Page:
As the shuttle Discovery returns from the International Space Station today, we've perhaps become a bit blase' about the stunning images of the galaxy regularly sent back to Earth these days. But it wasn't always that way.
In fact, this week marks the anniversary of the first time that a television-viewing audience saw a solar eclipse. The event was broadcast on March 7, 1951. Oddly enough, the significance of the broadcast by CBS News failed to move some experts at the time. Robert Coles, then the curator of the Hayden Planetarium, was quoted telling the New York Times: "Please, I ask you, don't get people too excited about it."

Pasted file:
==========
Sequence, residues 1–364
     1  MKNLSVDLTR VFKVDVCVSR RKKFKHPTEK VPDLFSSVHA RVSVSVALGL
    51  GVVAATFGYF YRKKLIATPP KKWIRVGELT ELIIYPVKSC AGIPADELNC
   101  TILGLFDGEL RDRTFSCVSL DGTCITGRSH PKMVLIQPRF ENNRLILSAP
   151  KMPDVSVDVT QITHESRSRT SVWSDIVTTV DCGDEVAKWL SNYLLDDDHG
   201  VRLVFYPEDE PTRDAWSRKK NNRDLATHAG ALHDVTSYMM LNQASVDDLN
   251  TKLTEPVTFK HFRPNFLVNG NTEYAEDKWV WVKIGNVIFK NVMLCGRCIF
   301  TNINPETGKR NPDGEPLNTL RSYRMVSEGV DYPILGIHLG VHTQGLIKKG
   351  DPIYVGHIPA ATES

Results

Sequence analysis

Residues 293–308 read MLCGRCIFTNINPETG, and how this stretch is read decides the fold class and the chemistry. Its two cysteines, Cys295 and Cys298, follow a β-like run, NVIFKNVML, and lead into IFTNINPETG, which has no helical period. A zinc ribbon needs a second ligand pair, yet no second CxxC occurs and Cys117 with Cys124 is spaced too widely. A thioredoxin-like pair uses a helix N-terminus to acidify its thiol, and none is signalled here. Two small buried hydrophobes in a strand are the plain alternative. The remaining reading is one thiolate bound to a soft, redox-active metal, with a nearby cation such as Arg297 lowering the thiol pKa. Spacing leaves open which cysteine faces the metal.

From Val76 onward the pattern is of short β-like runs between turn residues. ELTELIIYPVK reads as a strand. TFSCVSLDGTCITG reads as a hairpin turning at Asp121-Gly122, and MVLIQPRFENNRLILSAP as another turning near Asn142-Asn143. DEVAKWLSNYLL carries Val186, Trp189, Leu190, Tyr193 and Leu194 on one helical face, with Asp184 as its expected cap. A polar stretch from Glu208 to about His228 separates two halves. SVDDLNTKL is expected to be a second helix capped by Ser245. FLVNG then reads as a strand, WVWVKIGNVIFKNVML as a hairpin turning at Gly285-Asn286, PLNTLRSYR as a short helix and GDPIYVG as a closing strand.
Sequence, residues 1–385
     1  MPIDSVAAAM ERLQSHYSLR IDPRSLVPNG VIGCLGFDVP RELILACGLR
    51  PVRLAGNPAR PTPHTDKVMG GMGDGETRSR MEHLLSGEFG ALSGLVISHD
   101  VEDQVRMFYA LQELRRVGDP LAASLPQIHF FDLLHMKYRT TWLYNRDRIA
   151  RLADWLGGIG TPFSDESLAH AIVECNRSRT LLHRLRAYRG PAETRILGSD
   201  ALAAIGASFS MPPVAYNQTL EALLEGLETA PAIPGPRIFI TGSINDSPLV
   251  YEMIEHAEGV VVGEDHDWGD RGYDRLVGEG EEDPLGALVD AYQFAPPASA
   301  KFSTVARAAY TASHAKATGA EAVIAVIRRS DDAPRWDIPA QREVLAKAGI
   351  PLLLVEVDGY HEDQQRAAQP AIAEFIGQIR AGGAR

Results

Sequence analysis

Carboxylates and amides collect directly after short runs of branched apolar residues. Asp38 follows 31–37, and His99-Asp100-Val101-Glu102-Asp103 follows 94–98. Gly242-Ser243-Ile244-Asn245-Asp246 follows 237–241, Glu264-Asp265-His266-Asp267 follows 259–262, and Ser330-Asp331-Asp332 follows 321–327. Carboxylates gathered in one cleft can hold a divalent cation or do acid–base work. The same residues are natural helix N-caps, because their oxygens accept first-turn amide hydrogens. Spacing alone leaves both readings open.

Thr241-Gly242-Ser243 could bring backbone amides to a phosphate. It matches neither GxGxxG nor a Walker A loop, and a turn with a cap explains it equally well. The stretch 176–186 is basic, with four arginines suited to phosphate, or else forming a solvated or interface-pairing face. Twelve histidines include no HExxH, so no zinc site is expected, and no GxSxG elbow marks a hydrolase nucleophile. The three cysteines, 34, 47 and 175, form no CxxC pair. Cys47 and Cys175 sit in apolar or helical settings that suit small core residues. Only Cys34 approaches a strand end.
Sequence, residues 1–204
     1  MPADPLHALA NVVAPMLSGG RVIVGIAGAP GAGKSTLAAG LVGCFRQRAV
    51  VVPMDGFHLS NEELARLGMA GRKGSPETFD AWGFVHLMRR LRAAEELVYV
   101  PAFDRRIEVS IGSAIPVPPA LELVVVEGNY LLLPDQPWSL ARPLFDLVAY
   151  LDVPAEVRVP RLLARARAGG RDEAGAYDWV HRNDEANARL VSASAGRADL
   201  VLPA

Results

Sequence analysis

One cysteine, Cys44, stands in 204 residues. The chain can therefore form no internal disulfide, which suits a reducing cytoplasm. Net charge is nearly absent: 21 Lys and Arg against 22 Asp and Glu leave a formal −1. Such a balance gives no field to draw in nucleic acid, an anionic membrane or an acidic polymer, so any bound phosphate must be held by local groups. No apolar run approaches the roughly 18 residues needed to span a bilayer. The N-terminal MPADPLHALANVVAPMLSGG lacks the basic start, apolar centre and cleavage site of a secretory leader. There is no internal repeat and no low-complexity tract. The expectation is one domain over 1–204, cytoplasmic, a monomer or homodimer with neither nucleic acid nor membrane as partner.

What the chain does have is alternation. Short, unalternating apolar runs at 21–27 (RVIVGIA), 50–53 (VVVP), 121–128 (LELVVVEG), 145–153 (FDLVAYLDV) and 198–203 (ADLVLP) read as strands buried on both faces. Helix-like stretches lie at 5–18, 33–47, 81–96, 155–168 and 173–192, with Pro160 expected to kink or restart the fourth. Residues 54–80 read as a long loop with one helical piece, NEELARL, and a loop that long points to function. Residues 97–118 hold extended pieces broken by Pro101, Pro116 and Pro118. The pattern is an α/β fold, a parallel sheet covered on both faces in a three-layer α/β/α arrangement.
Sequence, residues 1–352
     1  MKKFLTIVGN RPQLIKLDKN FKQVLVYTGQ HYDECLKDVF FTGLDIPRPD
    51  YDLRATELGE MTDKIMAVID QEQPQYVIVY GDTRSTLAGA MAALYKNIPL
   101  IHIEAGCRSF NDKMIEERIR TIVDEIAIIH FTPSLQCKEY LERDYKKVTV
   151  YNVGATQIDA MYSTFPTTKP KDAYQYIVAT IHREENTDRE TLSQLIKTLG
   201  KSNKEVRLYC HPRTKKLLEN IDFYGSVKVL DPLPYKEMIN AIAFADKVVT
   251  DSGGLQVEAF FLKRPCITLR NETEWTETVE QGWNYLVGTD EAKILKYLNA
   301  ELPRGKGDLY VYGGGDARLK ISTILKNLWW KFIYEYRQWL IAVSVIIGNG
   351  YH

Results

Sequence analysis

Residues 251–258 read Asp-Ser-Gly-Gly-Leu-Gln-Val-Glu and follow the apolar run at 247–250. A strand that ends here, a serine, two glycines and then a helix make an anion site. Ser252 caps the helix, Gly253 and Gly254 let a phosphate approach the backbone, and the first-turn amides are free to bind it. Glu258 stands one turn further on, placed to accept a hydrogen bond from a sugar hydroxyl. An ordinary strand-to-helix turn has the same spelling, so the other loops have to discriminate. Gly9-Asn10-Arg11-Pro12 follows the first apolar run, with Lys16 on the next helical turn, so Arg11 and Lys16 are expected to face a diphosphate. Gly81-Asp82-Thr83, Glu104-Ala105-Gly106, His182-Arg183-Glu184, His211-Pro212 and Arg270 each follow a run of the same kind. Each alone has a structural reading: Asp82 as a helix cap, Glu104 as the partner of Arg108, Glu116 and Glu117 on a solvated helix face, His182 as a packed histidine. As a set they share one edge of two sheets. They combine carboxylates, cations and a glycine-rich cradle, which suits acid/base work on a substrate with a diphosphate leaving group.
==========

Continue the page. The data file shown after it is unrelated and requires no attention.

"You see," Coles added, "if we get people expecting a big show they'll be disappointed. Then they won't pay attention when we have a genuine celestial wonder to call to their attention. Please keep this quiet."
Nearly two decades later to the day, March 7, 1970, that event arrived when CBS broadcast a total eclipse of the sun - in color. You can read more about the background to these two connected events here.